Sleep loss also affects the amygdala - the part of the brain responsible for processing emotions. When the brain isn't given sufficient time to repair itself and process our emotional experiences, our ability to cope with stress on a daily basis is affected.


Both drug and alcohol addiction can have a significant impact on sleep, and - as with other mental health conditions - this relationship is often bidirectional. Problems sleeping can often lead to people self-medicating with substances, particularly depressants such alcohol, marijuana and prescription drugs, whereas stimulants such as cocaine and amphetamines can severely disrupt our circadian rhythm (the body clock responsible for maintaining a healthy sleep-cycle).

As well as often contributing to substance addiction, insomnia is also a common symptom of drug and alcohol withdrawal. Lack of sleep can lead to lower inhibitions, meaning self-control and will power are reduced, which can be contributing factors in a relapse. Improving sleep quality is an essential part of recovery if new coping-strategies are to be successfully embedded in the brain.

What can I do to improve my sleep?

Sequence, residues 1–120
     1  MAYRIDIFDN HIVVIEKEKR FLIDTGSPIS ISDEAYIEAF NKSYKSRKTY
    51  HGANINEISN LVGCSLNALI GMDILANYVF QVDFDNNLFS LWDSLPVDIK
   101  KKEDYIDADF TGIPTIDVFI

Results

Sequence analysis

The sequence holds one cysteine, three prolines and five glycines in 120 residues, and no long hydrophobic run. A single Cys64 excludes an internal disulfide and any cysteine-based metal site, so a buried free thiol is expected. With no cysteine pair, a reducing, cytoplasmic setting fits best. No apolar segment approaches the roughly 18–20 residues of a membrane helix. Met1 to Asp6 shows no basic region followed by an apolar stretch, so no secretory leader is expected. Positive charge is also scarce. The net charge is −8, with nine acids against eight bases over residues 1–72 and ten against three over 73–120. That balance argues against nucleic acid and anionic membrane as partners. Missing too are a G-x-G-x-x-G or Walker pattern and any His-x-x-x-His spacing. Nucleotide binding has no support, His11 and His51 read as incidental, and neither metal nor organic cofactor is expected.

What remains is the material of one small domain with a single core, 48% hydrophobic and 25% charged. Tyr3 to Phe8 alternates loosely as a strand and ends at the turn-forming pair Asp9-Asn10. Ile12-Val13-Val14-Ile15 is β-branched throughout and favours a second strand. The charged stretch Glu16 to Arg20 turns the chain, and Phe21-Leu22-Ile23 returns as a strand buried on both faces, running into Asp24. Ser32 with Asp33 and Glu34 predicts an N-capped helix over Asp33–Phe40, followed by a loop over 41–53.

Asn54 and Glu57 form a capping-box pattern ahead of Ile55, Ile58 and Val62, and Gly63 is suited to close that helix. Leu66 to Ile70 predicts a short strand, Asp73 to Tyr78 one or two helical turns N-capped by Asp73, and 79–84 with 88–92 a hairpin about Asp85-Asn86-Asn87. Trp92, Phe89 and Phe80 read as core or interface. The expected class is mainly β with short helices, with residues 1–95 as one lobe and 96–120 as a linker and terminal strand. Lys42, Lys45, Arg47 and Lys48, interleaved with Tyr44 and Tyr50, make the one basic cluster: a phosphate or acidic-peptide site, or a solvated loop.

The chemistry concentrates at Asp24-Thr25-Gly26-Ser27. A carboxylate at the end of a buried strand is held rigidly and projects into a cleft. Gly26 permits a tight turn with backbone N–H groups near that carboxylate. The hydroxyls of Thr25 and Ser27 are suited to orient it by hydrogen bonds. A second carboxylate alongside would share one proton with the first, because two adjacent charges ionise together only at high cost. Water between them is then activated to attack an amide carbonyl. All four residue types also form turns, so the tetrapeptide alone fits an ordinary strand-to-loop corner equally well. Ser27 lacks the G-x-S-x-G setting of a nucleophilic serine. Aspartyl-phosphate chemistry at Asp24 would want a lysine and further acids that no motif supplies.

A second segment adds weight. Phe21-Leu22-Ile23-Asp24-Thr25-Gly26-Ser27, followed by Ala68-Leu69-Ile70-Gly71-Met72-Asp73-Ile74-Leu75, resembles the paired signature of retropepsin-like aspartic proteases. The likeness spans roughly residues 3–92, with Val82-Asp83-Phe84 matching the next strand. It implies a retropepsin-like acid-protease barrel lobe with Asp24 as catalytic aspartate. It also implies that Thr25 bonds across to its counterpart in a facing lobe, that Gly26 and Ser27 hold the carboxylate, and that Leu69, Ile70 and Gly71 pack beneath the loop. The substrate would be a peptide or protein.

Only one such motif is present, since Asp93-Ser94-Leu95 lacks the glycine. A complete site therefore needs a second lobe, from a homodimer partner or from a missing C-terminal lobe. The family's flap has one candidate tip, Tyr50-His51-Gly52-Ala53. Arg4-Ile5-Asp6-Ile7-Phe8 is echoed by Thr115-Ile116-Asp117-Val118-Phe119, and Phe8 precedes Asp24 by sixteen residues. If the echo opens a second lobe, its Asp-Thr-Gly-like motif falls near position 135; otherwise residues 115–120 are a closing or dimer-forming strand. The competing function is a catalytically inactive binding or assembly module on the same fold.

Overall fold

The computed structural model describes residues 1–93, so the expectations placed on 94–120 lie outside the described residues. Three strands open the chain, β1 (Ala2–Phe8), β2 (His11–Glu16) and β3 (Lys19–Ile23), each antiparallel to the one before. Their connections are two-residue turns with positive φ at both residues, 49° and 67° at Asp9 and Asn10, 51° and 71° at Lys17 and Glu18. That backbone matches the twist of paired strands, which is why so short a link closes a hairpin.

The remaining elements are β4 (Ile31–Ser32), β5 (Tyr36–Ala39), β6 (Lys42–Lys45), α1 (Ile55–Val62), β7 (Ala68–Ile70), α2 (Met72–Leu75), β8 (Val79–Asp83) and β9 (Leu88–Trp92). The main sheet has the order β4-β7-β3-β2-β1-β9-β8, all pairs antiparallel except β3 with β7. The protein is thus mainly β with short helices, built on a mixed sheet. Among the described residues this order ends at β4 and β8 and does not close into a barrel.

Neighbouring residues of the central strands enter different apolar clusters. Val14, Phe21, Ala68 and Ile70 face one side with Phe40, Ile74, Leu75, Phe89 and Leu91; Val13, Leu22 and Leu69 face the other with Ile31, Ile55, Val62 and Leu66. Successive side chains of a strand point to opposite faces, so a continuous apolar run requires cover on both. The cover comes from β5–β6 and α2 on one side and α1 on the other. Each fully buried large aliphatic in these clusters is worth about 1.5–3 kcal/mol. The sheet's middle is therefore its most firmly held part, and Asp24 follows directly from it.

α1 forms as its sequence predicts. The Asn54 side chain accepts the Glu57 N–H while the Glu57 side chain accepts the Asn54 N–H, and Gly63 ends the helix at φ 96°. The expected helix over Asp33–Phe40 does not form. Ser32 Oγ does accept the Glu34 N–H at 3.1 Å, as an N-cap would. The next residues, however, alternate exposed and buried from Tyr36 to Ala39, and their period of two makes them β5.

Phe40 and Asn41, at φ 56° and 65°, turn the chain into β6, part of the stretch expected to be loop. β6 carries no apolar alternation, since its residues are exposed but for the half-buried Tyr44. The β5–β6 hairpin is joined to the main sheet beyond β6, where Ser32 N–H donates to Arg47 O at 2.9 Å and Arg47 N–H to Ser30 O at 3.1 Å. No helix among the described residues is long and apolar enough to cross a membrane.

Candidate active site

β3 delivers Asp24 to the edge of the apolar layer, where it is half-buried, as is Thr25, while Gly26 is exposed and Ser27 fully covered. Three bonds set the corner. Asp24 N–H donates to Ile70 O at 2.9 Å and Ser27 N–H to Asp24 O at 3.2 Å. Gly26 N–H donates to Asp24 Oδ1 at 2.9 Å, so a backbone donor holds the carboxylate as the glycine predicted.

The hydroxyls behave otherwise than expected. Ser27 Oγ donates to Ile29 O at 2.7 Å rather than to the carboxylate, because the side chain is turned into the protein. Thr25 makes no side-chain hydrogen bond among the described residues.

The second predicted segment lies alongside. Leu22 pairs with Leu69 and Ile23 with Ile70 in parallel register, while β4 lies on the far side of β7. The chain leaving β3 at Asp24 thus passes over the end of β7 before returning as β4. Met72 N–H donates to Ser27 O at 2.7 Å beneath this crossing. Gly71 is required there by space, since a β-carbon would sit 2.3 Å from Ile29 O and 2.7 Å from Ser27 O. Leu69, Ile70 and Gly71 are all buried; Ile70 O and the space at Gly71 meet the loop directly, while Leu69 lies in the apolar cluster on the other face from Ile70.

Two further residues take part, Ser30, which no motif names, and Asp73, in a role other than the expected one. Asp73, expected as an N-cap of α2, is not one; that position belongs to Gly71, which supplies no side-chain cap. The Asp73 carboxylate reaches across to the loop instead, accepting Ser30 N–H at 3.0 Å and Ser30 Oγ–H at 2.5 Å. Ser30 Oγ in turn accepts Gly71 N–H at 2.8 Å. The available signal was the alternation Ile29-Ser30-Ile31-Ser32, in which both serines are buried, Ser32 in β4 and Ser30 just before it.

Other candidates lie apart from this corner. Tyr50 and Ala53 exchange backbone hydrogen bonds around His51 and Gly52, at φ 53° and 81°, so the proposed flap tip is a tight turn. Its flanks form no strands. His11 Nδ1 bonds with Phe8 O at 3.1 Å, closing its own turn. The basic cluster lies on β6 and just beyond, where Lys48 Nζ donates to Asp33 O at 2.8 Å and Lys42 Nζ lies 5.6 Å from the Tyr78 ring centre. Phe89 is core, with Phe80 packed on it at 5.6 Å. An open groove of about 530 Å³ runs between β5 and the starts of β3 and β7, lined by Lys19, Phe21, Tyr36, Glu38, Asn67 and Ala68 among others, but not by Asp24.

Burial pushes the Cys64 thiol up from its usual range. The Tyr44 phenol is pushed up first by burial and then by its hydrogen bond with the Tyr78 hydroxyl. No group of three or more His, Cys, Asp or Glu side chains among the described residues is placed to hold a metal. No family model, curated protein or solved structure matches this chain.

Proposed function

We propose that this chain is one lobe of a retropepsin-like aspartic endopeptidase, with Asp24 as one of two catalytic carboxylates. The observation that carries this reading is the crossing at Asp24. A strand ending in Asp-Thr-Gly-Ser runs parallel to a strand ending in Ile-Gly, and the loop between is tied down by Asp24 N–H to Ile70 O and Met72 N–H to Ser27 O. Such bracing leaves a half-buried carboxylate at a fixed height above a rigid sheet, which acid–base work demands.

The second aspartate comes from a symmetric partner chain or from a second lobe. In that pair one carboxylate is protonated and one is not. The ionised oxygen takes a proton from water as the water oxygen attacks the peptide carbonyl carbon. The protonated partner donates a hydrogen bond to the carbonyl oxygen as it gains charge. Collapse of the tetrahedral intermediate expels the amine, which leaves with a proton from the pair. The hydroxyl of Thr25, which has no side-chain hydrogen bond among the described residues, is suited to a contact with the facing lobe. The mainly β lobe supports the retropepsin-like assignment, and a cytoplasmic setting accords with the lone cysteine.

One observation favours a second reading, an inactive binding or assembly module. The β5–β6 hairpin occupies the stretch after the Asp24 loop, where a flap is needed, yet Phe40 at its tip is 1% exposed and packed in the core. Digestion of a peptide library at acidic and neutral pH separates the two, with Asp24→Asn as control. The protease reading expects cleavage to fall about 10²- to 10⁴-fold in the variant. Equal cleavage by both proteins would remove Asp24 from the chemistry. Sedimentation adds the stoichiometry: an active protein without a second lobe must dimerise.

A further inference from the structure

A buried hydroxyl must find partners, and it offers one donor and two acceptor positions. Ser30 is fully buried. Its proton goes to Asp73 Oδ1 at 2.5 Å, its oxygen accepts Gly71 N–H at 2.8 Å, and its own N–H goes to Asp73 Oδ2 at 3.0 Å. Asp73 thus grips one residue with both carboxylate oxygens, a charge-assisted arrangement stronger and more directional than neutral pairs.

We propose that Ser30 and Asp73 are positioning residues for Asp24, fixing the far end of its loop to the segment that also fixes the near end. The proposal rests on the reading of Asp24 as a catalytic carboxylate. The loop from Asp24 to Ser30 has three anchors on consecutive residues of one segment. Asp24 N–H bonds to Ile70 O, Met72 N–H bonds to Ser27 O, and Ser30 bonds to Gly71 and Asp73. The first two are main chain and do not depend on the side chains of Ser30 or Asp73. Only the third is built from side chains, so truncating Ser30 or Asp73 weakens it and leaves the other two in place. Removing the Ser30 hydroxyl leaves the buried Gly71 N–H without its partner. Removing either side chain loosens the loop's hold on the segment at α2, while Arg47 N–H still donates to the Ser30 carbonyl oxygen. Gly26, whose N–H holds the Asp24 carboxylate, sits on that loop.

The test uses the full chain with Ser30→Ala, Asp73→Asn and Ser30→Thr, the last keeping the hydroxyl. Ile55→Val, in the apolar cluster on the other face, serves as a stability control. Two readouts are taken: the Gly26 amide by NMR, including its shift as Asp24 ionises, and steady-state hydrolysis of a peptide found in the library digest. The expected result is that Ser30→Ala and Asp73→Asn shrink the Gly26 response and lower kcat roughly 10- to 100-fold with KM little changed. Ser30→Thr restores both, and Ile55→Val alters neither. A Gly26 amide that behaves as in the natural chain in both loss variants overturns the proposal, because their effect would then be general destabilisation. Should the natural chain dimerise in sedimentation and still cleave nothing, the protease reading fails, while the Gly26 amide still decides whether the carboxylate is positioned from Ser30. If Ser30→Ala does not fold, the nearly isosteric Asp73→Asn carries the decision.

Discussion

Maintaining good sleep hygiene is the single most important thing you can do for your health and well-being. At Montrose, we offer proven methods to help guests improve their sleep, guided always by an individual's specific needs. These include:

  • Yoga and meditation - using breathing and relaxation techniques, our practitioners can lower stress levels by reducing cortisol and slowing the heart rate as well as equipping you with the mental resources to cope with life's challenges

  • Tailored exercise programmes - our personal trainer and exercise coach can optimise your fitness routine, which has been proved to reduce sleep onset and increase body temperature before bedtime, creating optimal conditions for sleep

  • Biotech - using wearable technology, we can collect your sleep data in order to create a bespoke programme built around your body's needs

  • Lifestyle changes - by connecting you with our experienced team of clinicians and therapists, we can help you address factors that are contributing to issues around mental health as well as problematic sleep patterns

  • Nutrition - our in-house dietitian and chef will create a meal plan designed to aid sleep and ensure you have the tools to maintain a balanced, healthy lifestyle that supports your sleep routine

If you are struggling with any of the issues described above, please get in touch to discuss how we can help you. You can call 01433 350500 or email